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For Turing Machines, the question of halting behavior of small TMs has been well studied in the context of the Busy Beaver function, which maps n to the longest output or running time of any halting n state TM. The smallest TM with unknown halting behavior has 5 states. It takes $5\cdot2\cdot\log_2(5\cdot4 + 4)$ or roughly 46 bits to describe, 50 bits if we assume a straightforward encoding.

In comparison, $\lambda$-calculus terms have a simple binary encoding: $00$ for lambda, $01$ for application, and $1^n0$ for variable with de Bruijn index $n$. It's natural to define a $\lambda$-calculus analog of the busy beaver function as the maximum normal form size of any size $n$ closed lambda term.

As the smallest closed lambda term is $\lambda\,1$, with encoding $0010$, we determine $$ BB_{\lambda}(4) = 4 $$ The next smallest ones, $\lambda\,\lambda\,1$ and $\lambda\,\lambda\,2$ are similarly already in normal form, and give $$ BB_{\lambda}(6) = 6,\qquad BB_{\lambda}(7) = 7 $$ $BB_{\lambda}(n)$ will have to remain undefined for $n < 4$ or $n = 5$.

The first enlarged normal form shows up at $\lambda\,(\lambda\,1\,1)\,(1\,(\lambda\,2))$ which gives $$ BB_{\lambda}(21) = 22 $$ $BB_{\lambda}$ starts to grow rapidly at $n \geq 30$, since tripling Church numeral two, $(\lambda\,1\,1\,1)\,(\lambda\,\lambda\,2\,(2\,1))$ with normal form Church numeral $2^{2^2}= 16$, gives $$ BB_{\lambda}(30) \geq 5 \cdot 16 + 6 = 86 $$ and quadrupling/quintupling give $$ BB_{\lambda}(34) \geq 5 \cdot 2^{16} + 6 $$ $$ BB_{\lambda}(38) \geq 5 \cdot 2^{2^{16}} + 6 $$ which exceed the TM Busy Beavers for 4 and 5 states.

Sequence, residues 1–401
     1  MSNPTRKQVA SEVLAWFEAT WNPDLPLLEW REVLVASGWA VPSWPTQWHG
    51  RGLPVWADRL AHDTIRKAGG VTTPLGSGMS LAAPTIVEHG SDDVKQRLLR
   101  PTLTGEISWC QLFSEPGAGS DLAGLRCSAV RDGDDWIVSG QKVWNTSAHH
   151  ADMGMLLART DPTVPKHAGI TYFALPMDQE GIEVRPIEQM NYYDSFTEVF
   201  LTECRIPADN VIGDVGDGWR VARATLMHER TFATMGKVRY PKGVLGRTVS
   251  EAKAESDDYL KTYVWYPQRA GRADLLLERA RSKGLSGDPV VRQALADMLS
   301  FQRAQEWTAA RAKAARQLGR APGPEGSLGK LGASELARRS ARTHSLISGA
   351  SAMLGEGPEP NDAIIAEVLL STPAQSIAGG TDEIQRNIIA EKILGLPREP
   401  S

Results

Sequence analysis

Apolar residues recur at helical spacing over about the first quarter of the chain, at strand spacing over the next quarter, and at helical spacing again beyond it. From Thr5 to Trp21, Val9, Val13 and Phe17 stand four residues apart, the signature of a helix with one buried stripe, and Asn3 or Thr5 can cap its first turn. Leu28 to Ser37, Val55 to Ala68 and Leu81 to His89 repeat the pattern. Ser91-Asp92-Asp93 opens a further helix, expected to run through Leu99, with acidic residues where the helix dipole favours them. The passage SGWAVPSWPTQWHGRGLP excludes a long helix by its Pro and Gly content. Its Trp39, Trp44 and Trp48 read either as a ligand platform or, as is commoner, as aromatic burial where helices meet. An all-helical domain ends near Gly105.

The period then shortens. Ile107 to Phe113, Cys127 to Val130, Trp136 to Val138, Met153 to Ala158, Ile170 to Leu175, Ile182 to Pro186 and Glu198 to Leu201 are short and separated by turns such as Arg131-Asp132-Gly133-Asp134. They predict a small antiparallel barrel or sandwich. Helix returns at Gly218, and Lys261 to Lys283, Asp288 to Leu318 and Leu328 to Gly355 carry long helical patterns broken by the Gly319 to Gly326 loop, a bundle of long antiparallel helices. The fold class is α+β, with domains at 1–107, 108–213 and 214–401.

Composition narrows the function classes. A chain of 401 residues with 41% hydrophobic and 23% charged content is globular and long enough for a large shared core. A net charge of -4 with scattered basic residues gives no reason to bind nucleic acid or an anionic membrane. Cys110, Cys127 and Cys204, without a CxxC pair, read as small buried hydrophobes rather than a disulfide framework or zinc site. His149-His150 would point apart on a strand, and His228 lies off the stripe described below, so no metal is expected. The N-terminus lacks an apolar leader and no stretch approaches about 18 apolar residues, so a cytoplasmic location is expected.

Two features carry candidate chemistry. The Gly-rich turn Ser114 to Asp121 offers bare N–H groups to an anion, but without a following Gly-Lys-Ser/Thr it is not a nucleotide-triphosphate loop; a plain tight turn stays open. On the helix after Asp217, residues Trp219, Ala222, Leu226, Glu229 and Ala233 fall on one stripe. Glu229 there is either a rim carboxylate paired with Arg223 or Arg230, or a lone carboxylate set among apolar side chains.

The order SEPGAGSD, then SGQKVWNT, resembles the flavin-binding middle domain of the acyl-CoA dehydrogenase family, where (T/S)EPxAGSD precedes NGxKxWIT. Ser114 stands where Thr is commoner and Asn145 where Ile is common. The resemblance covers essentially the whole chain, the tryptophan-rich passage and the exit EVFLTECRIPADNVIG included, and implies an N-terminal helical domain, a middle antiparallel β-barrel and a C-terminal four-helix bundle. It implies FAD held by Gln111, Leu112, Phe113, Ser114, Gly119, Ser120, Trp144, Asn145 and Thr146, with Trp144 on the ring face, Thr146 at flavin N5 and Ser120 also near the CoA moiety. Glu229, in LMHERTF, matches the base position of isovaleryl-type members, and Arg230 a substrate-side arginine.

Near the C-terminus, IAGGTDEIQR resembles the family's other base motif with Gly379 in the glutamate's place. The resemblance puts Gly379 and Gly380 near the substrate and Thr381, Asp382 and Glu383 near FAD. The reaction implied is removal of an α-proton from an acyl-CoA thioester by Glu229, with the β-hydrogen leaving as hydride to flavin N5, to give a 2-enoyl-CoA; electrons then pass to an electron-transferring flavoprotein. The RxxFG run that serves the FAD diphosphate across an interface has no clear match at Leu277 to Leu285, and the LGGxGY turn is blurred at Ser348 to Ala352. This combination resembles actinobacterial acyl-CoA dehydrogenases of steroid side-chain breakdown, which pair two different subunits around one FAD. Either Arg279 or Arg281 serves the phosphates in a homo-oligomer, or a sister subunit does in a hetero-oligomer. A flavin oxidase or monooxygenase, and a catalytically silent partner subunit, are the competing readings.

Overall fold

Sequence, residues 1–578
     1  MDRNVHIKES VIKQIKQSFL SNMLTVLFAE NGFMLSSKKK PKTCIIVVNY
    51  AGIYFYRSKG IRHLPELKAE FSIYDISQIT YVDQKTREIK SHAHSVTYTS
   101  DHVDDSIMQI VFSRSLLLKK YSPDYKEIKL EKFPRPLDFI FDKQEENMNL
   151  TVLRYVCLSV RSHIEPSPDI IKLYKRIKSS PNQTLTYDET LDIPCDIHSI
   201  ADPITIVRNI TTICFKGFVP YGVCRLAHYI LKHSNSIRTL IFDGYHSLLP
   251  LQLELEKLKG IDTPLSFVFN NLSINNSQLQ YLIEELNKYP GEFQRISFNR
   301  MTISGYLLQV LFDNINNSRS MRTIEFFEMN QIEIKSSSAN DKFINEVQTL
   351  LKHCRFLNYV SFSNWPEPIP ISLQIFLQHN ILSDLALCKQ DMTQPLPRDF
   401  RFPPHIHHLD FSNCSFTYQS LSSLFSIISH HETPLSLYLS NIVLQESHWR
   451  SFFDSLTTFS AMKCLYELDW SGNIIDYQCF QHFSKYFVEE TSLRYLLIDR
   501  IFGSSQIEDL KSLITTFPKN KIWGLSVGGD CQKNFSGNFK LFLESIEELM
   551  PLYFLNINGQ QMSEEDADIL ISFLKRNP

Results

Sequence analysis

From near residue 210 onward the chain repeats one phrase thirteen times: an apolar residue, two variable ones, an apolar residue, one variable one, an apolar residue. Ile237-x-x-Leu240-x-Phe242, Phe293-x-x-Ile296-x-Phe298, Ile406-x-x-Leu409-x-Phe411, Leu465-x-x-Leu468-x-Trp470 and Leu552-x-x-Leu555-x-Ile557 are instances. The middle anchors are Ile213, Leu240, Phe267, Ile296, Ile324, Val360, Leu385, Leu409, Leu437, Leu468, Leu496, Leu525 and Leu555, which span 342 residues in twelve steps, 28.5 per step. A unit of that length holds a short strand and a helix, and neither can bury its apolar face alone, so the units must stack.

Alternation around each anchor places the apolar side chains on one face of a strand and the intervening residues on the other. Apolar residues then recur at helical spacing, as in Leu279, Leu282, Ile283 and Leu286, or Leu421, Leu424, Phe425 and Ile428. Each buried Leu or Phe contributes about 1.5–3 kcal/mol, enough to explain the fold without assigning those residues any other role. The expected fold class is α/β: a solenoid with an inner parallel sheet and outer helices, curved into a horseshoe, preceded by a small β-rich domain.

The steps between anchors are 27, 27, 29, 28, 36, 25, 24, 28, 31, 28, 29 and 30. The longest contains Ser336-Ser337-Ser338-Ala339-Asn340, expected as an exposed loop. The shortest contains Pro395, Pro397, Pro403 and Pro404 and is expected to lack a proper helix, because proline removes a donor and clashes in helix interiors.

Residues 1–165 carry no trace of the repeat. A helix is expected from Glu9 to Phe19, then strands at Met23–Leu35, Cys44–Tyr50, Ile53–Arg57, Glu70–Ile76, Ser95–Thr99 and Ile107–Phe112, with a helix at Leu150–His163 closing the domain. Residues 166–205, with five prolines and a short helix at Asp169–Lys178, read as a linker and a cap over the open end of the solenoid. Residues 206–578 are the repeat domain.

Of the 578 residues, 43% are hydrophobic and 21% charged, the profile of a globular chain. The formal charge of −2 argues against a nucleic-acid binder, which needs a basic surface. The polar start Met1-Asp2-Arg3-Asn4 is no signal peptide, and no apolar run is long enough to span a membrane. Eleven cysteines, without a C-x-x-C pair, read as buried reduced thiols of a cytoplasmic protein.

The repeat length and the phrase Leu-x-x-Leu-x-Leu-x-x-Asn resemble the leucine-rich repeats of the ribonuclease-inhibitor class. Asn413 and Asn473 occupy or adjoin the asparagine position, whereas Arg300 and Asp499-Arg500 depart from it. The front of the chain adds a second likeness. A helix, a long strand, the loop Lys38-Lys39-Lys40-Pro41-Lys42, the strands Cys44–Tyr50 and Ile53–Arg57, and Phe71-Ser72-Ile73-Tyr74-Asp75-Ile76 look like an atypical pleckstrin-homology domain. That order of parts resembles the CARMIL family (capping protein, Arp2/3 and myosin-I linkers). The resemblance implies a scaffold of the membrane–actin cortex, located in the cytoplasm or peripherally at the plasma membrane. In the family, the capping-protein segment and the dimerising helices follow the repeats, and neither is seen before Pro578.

An Ackermann-like function takes a mere 35 bits. When applied to Church numeral $2$ it yields a $BB_{\lambda}(53)$ exceeding an exponential tower of 256 $2$s.

Graham's number is expressible in at most 114 bits, giving $$ BB_{\lambda}(114) \geq 5 \cdot G + 6 $$ (compared with an 18 state TM that needs 225 bits to describe).

What's the smallest n for which $BB_{\lambda}(n)$ is unknown?

One upper bound is 213 bits.

Let's try to narrow it down some more.

Function $BB_{\lambda}$ has been added to the Online Encyclopedia for Integer Sequences.

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    $\begingroup$ Are all those slashes supposed to represent lambda? $\endgroup$ – Wojowu Feb 25 '20 at 16:44
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    $\begingroup$ Shouldn't $\lambda 1$ have encoding 00110 (of length five), or am I missing something in the notation here? $\endgroup$ – Steven Stadnicki Feb 25 '20 at 23:26
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    $\begingroup$ When i changed from 0-based to 1-based variables, I forgot to update the encoding. It's fixed now. $\endgroup$ – John Tromp Feb 25 '20 at 23:41
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    $\begingroup$ For an upper bound, do you know what a lambda calculus formulation of twin primes / Goldbach / similar number-theoretic statements might look like? $\endgroup$ – Will Sawin Feb 27 '20 at 0:17
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    $\begingroup$ I also have an upper bound of 247 bits for finding an odd perfect number at github.com/tromp/AIT/blob/master/oddperfect.lam $\endgroup$ – John Tromp Mar 19 '20 at 21:47

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